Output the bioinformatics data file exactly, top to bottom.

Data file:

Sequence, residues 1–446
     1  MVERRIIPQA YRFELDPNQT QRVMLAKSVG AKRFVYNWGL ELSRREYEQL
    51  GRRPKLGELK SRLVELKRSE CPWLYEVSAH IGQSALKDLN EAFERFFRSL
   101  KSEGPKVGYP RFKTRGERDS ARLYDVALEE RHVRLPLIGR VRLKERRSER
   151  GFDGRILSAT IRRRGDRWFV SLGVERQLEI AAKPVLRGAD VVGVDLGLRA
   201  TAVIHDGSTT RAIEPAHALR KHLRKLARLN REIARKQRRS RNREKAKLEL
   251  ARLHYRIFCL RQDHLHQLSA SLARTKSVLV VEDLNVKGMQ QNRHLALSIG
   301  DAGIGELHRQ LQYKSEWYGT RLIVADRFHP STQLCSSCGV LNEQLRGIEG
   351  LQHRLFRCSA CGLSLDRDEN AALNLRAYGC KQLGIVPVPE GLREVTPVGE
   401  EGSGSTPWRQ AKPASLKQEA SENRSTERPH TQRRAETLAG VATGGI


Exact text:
Sequence, residues 1–446
     1  MVERRIIPQA YRFELDPNQT QRVMLAKSVG AKRFVYNWGL ELSRREYEQL
    51  GRRPKLGELK SRLVELKRSE CPWLYEVSAH IGQSALKDLN EAFERFFRSL
   101  KSEGPKVGYP RFKTRGERDS ARLYDVALEE RHVRLPLIGR VRLKERRSER
   151  GFDGRILSAT IRRRGDRWFV SLGVERQLEI AAKPVLRGAD VVGVDLGLRA
   201  TAVIHDGSTT RAIEPAHALR KHLRKLARLN REIARKQRRS RNREKAKLEL
   251  ARLHYRIFCL RQDHLHQLSA SLARTKSVLV VEDLNVKGMQ QNRHLALSIG
   301  DAGIGELHRQ LQYKSEWYGT RLIVADRFHP STQLCSSCGV LNEQLRGIEG
   351  LQHRLFRCSA CGLSLDRDEN AALNLRAYGC KQLGIVPVPE GLREVTPVGE
   401  EGSGSTPWRQ AKPASLKQEA SENRSTERPH TQRRAETLAG VATGGI